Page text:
Yeah, so juggling a company or internship and the business is definitely something that I didn't prepare for Initially, I think that it's all about balance. Sometimes I may not, I may tell myself to plan out content for a week so that when I do work on my schoolwork or if I do work on my internship, I have content that is ready to go on emphasizing like the fact that preparation is key, like even if you don't even know because I know my business. I know I may not always know I'm gonna post that day, but I feel like being consistent and be like, if you want it bad enough, you're gonna do what it takes, like if you even if you have to wake up early in the morning and go to sleep or go to bed late. I only need like five to six hours of sleep to be fully functional. Um, so I feel like if you go to bed at a decent hour, wake up early enough to be able to accomplish your goals, issue or issue work, you know, like, and then like, I feel like prioritizing nor was due like if so if my homework assignments due tonight I have everything set aside no matter how bad I want to touch on every, you know, touch on things. So knowing what's necessary in knowing and having these deadlines in place so that you know, what's more important is what I feel like I do to balance. And
Kimmiko James [20:27]
to continue with I driven I wanted to know, what are your? And I know, you probably might have an answer now. But I guess it's nice to think ahead. I guess what would your future plans be for this company? I guess? Would you want to expand to selling more products? Would you maybe want to be bought out by another eyewear company? Or I'm just not, I guess I kind of want to know what your future plans would be.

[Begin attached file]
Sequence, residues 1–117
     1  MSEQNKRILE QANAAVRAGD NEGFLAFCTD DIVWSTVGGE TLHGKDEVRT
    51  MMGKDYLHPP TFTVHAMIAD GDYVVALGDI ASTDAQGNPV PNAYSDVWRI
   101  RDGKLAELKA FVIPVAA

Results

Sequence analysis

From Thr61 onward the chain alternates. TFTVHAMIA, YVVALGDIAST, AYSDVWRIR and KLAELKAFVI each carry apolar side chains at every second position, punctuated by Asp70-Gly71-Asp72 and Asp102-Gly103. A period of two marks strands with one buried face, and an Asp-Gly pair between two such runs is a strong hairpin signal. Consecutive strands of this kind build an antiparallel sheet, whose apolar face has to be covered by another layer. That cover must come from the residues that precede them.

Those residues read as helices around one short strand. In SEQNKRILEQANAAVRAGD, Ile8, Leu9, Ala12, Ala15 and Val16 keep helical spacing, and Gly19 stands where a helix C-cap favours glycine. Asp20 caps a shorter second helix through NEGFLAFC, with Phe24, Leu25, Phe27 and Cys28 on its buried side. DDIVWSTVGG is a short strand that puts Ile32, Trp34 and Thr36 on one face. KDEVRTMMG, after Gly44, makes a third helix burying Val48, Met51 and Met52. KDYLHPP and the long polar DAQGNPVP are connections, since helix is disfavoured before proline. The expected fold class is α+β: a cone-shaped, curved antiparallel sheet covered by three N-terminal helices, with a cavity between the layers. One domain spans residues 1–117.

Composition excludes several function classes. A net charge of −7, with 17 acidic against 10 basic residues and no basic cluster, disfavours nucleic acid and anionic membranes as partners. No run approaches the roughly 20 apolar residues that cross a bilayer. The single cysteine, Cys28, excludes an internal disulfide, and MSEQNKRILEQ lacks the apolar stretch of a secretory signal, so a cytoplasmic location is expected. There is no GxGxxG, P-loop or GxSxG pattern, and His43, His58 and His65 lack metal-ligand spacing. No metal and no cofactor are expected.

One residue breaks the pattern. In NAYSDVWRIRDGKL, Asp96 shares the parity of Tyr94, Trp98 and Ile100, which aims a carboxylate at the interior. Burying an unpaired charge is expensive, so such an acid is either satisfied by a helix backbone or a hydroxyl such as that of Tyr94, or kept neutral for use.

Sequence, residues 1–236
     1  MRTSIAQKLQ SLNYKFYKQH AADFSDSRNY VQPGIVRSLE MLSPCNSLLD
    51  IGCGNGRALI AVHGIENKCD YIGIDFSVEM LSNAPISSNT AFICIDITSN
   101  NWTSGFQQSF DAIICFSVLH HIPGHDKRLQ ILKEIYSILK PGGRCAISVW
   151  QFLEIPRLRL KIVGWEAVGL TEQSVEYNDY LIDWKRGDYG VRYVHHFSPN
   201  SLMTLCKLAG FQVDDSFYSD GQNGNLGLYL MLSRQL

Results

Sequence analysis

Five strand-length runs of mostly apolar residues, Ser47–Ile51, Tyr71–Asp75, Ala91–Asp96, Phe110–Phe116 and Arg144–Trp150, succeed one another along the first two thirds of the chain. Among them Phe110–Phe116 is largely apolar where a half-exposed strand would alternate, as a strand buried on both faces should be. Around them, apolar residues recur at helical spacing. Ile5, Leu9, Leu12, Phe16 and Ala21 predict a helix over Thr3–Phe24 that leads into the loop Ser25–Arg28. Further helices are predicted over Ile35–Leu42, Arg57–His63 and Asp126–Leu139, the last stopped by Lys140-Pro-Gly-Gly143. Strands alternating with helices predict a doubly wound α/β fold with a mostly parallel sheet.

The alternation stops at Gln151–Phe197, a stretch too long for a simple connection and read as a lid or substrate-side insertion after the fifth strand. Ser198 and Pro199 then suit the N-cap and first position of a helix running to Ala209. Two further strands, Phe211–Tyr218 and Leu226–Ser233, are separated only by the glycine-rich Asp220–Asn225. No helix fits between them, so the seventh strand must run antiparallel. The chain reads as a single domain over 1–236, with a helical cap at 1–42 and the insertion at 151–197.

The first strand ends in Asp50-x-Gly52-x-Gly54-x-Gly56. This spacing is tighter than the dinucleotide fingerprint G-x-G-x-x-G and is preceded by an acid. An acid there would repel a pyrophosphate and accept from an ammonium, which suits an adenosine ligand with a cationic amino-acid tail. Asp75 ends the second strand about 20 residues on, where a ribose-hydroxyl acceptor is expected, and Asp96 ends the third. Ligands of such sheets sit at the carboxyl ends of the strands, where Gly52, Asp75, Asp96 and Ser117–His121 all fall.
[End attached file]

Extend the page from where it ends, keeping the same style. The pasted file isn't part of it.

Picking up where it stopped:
Disheka Moore [20:57]
Yeah, so my future plans is to be invested in I want to, of course, compete and hopefully become funded, I want to be able to enter that space of being funded more in the future and collaborating with big names. So one person I had to have in mind that I would love to collaborate with Kiki is Kiki Palmer, um, she actually has like, reached back out to my Instagram once before, but I'm taking it really slow right now I'm just I just want to manage. Okay, oh, you know, I'm getting I got a couple people attention, but I just want to make that relationship that I deal with, like bigger names organic. So if one day she like, you know, here's my item, and that's one person I want to collaborate with. Um, and in the future, I would love to like are brought into prescription teacher but a just expanding across the board. Like with IKEA, like, I want to bring in contact lenses color contact, because I know like people, like I'm not just trying to cater to the needs of like I wellness, I also want to bring in the fashion aspect too. Because like me, why not, I noticed that when I launched a sunglass collection, people were not only geared to bind those friends, but they also wanted the buy button friends to go with their sunglasses. So like being able to pair products and make sense of walk stand alone, my company's mission, still branch it out to the fashion world is something that I want to have bring flexibility towards my company.
Kimmiko James [22:24]
And I think to kind of just wrap it all up together, up everything you just touched upon. Again, going back in time to what you said, of like, just feeling like you have to work harder than than most people and just put in 10 times as much work because I feel the same way personally influenced you to become self driven enough to accomplish all these goals and achievements. Because it's not easy to keep up the momentum of having to work as hard as your your peers that might be more privileged than you. Or guess what influenced you to just continue the drive?
Disheka Moore [23:00]